Added by Kevin R. Tipple on January 26, 2014 at 12:22pm — No Comments
“’You know, lawyers have all sorts of nicknames for things, including juries. We call you people the ‘gods of guilt.’ Not in any sort of disrespect for religion or faith. But because that is what you are. You sit here and you decide who is guilty and who is not. Who goes free and who does not. It is a lofty and yet weighty burden. To make such a difficult decision you must have all the facts. You must have the whole and true story. You must have the proper interpretation of the…Continue
Added by Kevin R. Tipple on January 26, 2014 at 12:00pm — No Comments
There are a lot of people who view all sub-plots with the gravest suspicion, regarding them at best as a pointless distraction from the main business at hand, and, at worst, as a dangerously amateurish self-indulgence. Kill your darlings, they screech like dogma-drilled harpies, kill, kill, kill them all! Needless to say, I disagree.
In a general sense, I’m all in favour of sub-plots. In fact, I delight in them. They offer so many exciting possibilities to writers of…Continue
Added by PJ Shann on January 25, 2014 at 6:40pm — No Comments
One of the many smaller pleasures of writing fiction is the fun to be derived from choosing the names of your characters. There’s a lot of joy in nailing down the perfect name for your maverick cop/cerebral private detective/vampire overlord/super-soldier from Planet Zap, and just as much amusement in bestowing the names of people you dislike upon the seedy/degenerate/evil characters currently paddling around in the shallow end of your WIP’s gene pool. But the truth is that the more you…Continue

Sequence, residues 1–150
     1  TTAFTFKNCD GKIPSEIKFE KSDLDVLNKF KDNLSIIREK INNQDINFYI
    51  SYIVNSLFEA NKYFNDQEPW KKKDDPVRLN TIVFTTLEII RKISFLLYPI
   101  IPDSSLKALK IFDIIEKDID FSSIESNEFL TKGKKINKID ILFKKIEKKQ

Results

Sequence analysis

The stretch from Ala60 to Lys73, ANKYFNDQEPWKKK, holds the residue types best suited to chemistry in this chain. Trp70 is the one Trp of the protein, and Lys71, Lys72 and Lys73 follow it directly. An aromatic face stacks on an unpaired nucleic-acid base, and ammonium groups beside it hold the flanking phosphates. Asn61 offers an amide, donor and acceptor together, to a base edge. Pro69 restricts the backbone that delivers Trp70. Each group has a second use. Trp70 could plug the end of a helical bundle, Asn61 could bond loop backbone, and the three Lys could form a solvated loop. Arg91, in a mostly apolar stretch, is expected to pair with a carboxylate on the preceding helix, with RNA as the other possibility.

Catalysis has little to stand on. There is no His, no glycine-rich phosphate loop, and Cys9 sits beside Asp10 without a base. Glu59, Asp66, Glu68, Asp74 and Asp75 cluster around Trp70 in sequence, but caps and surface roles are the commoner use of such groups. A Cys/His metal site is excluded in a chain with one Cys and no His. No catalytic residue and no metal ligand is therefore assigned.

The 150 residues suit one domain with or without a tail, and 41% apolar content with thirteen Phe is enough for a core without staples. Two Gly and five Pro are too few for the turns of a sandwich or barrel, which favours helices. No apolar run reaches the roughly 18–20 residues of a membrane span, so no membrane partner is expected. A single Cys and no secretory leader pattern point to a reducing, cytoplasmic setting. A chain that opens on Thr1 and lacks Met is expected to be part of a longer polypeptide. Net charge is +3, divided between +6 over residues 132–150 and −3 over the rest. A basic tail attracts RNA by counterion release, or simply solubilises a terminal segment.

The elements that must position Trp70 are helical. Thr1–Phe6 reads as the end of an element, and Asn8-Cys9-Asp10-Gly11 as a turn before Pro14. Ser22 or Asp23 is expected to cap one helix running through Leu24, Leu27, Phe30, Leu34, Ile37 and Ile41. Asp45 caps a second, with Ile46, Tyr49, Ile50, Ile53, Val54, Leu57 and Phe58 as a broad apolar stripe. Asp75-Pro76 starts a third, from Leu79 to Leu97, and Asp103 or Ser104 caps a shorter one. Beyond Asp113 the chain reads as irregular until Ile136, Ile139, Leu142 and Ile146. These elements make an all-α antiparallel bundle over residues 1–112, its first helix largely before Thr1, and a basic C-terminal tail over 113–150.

Added by PJ Shann on January 25, 2014 at 6:39pm — No Comments
Kindle readers! Get "Secrets Can't Be Kept Forever" while it's still 99 cents! Go here:
Added by Stephen Seitz on January 25, 2014 at 1:58am — No Comments
New Year’s Day would be ugly enough thanks to the hangover if it wasn’t made worse by neighbors playing a certain and very annoying U2 song over and over. Fortunately in Seatown, a fading town on the northeast coast of England, Peter Ord, can pick up a few bucks here and there as a private investigator so that he can buy the booze and pills he needs to function. Look up self-medicating patient in the dictionary and there would be his name and a picture as he fits the classic definition.…Continue
Added by Kevin R. Tipple on January 24, 2014 at 3:32am — No Comments
Starting tomorrow, Jan. 23, Secrets Can't Be Kept Forever is being discounted on Kindle. From that day until the next, it'll be 99 cents, a 76 percent discount. Then, from the 24th to the 26th, the book will be $1.99, and from the 26th until 11 a.m. the 27th, 26 percent off at $2.99. Get it while it's hot!